us that in fact it has an in-built appeals mechanism. For customers to make an informed
decision as to whether or not to accept a redress offer, the banks must clearly explain how
they have reached their judgments, including the key facts or judgements they relied on. In
addition to the letter, customers will also be offered a face to face meeting, during which they
can ask questions and the banks can expand on their explanations. Customers may be able to
challenge the outcome if:
-After hearing the bank’s explanations, the customer considers that the bank has clearly
relied on erroneous information, such that the bank’s rationale is based on faulty
-The customer believes that the bank has clearly missed an important piece of
information, such that the bank’s explanation is based on incomplete evidence.
The bank and independent reviewer will carefully consider whether the errors or omissions
raised by customers have any bearing on their judgments and on the overall outcome. An
independent reviewer attends the meetings as a silent observer to ensure that they are carried
out fairly. Customer feedback in relation to the redress meetings has been positive.
It is important to understand that whilst the FCA expects banks to explain their decisions, the
FCA does not expect them to present their evidence and debate their judgments in the same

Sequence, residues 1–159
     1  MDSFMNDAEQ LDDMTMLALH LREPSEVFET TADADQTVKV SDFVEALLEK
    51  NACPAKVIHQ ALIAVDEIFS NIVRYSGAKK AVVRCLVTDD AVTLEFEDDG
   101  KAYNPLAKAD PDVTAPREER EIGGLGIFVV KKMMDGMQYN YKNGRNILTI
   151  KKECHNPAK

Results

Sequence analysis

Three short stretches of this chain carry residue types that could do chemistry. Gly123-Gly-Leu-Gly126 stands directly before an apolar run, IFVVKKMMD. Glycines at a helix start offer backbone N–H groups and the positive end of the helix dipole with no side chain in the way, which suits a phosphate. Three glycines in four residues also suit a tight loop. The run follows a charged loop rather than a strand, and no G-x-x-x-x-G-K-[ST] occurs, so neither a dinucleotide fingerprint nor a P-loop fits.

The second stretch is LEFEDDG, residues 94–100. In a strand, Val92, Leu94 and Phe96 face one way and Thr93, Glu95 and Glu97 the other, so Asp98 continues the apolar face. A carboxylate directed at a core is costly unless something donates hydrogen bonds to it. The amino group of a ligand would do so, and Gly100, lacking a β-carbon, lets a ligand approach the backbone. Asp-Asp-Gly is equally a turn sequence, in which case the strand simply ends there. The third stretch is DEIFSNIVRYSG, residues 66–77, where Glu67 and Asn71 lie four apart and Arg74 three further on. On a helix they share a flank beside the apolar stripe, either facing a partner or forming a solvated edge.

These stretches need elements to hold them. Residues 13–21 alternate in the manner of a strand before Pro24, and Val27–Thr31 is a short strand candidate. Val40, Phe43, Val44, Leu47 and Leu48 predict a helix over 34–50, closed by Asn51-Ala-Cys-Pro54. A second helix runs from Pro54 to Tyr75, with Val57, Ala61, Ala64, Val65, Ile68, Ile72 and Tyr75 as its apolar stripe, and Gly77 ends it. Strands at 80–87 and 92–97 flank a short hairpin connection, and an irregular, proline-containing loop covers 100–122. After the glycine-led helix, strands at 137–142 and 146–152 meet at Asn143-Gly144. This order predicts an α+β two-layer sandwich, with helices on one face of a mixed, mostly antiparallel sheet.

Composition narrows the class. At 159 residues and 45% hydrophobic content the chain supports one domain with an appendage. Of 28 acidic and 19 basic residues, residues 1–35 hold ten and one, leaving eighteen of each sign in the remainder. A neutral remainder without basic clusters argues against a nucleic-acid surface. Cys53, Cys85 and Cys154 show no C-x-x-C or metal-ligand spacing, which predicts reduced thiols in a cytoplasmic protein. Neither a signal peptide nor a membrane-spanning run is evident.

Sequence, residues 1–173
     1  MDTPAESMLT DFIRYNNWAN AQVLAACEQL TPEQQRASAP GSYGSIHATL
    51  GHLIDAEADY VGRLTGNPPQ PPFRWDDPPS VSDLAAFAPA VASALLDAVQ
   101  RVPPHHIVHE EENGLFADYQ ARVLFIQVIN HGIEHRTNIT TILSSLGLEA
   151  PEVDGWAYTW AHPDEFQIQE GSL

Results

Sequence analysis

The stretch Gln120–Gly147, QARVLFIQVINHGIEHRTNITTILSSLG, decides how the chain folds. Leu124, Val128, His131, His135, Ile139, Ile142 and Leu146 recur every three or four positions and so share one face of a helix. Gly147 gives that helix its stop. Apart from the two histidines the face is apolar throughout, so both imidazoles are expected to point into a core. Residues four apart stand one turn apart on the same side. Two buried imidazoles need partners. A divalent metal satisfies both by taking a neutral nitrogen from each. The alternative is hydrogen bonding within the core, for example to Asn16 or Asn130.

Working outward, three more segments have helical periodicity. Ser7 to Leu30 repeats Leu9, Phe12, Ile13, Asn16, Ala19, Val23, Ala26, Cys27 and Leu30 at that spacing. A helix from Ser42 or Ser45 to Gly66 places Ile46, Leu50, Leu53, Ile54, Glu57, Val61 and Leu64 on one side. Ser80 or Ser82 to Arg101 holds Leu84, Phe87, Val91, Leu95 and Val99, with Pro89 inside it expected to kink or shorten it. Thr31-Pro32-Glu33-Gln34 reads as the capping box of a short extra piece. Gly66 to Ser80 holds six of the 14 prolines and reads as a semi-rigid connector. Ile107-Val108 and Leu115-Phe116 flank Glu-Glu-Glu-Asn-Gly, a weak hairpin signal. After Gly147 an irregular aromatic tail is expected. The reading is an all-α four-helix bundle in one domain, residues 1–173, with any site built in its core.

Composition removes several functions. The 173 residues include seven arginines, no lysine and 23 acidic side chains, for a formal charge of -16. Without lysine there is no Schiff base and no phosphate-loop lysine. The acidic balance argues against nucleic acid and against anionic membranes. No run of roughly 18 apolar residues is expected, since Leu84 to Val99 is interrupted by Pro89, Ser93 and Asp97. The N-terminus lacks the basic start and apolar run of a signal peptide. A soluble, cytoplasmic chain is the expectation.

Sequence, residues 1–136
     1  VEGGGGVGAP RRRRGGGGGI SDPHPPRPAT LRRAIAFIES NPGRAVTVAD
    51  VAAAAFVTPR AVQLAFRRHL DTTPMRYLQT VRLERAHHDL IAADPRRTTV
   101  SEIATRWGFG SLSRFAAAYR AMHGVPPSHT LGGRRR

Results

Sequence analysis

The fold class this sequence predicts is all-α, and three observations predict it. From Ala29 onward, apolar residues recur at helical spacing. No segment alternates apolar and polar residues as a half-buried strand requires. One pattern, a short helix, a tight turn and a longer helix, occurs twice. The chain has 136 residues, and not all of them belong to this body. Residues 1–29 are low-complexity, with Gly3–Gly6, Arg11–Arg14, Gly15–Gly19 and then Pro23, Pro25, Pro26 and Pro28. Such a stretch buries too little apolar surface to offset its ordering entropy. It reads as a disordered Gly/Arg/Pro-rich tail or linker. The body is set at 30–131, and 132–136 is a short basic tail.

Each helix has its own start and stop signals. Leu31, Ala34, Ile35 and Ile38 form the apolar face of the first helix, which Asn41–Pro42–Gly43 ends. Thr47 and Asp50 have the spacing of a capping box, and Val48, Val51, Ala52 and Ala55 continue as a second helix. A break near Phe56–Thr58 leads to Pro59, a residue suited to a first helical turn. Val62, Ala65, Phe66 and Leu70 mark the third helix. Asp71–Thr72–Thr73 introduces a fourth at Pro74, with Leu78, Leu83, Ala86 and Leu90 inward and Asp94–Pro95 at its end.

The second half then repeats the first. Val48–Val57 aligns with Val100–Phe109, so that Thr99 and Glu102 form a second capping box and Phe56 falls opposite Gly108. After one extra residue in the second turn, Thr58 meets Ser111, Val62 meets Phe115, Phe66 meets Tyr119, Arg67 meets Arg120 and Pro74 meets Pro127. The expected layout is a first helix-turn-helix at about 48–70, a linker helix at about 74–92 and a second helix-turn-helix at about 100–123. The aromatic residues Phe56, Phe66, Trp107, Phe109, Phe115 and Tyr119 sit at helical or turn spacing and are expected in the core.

way that perhaps you might expect in a courtroom – the review does not replicate
litigation. The FCA has consciously designed the IRHP review process so that the banks needn’t
spend time and money building and arguing cases for themselves. The reason for designing it
in this way is because the FCA sought to maximise the amount of necessary redress paid out
with minimal delay. However, the FCA has also built in a system in which expert independent
reviewers will look at every case. All the relevant evidence will be thoroughly examined and
challenged on behalf of the customer and the independent reviewer will make their own
determination as to whether the outcome is fair and reasonable.
It is worth reiterating that if customers believe they have exhausted discussions with the bank
and remain dissatisfied, then they may be able to refer their case to the Financial Ombudsman